The end of week 2 in the chicken egg incubator, and just one more week left until hatch day.
The embryo is now a recognisable chick with distinct features. The head, body and limbs are all formed and just need to grow to full chick size over the next week.
We're able to see less and less in the candled egg now, since the chick is filling most of the space. But there are still critical things to look for and to do, to make sure our chick will continue to develop successfully.
If you're candling from this point on it's unlikely you'll see much movement. The chick is filling a large part of the egg, so it's getting crowded in there. There's not much room to move about.
The most movement now is as the chick positions itself correctly for hatch with its head at the blunt end of the egg, near the air cell.
Below is the same photo with the shadows enhanced. It doesn't show much difference. The blood vessels are slightly clearer but apart from that, there's not much to see at day 14.
Today is a good time to candle any eggs you weren't sure about earlier in the incubation process.
If an egg hasn't developed by now, it's not going to.
Any eggs which show no signs of development, or where the embryo has died, should be taken out of the incubator at this point and discarded. It always feels hard, but leaving them runs the risk of their going bad and leaking bacteria over the other eggs.
An egg which is showing no signs of development will look like the one below.
At this stage in the process the eggs are very porous as the chick requires more and more calcium from the shell to harden its skeleton.
The shell can therefore take in and give out bacteria very easily, so here's another reminder to wash your hands before and after handling incubated eggs!
Not doing so means you'll potentially transmit bacteria and compromise your hatch, or carry bacteria away from the incubator and make yourself ill.
A blood ring in an incubated chicken egg is a sign that an embryo has started to develop, but died at some point during incubation – usually quite early in the process.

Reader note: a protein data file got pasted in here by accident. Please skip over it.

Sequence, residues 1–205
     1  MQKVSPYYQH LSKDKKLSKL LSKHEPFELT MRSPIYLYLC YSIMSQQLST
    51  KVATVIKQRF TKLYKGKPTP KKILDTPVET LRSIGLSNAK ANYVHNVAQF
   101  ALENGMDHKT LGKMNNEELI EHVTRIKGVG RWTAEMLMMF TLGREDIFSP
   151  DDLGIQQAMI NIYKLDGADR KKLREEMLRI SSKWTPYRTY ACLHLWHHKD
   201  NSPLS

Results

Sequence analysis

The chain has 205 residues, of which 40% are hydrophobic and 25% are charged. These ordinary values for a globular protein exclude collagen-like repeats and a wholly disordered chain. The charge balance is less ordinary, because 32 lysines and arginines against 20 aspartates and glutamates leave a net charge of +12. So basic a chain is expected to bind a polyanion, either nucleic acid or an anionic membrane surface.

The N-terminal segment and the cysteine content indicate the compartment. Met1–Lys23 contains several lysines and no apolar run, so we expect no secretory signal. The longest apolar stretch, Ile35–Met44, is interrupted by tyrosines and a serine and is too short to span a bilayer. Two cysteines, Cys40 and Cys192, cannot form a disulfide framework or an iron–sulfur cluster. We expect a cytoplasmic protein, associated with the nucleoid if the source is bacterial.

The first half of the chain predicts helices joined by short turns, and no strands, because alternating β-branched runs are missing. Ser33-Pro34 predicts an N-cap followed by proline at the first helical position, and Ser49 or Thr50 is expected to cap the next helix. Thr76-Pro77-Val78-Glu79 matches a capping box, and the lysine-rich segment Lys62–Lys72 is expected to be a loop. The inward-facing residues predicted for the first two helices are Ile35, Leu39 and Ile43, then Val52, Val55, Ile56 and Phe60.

When that happens, the blood vessels which were growing to sustain the embryo stop developing and 'pool' in the egg. When candled, you'll be able to see them as a dark ring around the circumference.
In the photo above, there is no indication of any embryo or air cell and the blood ring is very clear. This embryo has stopped developing at around day 3 or 4 and should be discarded.
See more detail about blood rings in the chicken egg and what happens if they are not discarded.
If you'd like to start at the beginning of this day-by-day course describing hatching eggs in an incubator, click the first button link. For yesterday's information use the day 13 button and to progress to tomorrow, it's day 15.
A lot of "facts" you'll find on the internet are often people's individual views, based on inaccurate information repeated from poor quality sources.
The information I provide in this article and others is based on both my own experience of incubating and hatching chicken eggs every year for over 13 years, but on evidenced facts from scientific, peer-reviewed research and books from highly respected and experienced poultry keepers such as Gail Damerow.
Some of the trusted sources I have used in this article are these.
Avitronics: Heart Rates. Pub. Avian ID, 2020.
Damerow, Gail: Hatching and Brooding Your Own Chicks. Pub. Storey, 2013. See my review, here.
Hall, C., et al: A new candling procedure for thick and opaque eggs and its application to avian conservation management. Pub. Journal of Zoobiology, 2022.
Hamburger, V and Hamilton, H L: A series of normal stages in the development of the chick embryo. Pub. Journal of Morphology, 1951.
Leonor, H., and Chaveiro, S: The Effect of Candling on the Hatchability of Eggs from Broiler Breeder Hens. Pub. Journal of Applied Poultry Research, 1993.
Phuphanin, A., et al: Smartphone-Based Device for Non-Invasive Heart-Rate Measurement of Chicken Embryos. Pub. National Center for Biotechnology Information, 2019.
Vargas, R., et al: Egg Candling Analysis Equipment Design: A Safety Solution. Pub. Journal of Social and Behavioural Sciences, 2018.
Wu et al: Egg fertility and reduced egg fertility, hatching success, and larval survival. Pub. Science Direct, 2003.